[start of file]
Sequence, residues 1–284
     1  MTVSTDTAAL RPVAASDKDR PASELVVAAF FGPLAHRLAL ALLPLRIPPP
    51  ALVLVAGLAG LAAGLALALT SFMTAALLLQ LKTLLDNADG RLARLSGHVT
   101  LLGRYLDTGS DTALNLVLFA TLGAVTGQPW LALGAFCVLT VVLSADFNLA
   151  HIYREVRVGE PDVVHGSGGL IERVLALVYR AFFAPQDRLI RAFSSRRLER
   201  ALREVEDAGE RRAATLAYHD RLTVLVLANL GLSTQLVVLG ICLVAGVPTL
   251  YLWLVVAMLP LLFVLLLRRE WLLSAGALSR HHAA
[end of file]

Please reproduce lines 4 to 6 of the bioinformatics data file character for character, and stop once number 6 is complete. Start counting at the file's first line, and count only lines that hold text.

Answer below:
   101  LLGRYLDTGS DTALNLVLFA TLGAVTGQPW LALGAFCVLT VVLSADFNLA
   151  HIYREVRVGE PDVVHGSGGL IERVLALVYR AFFAPQDRLI RAFSSRRLER
   201  ALREVEDAGE RRAATLAYHD RLTVLVLANL GLSTQLVVLG ICLVAGVPTL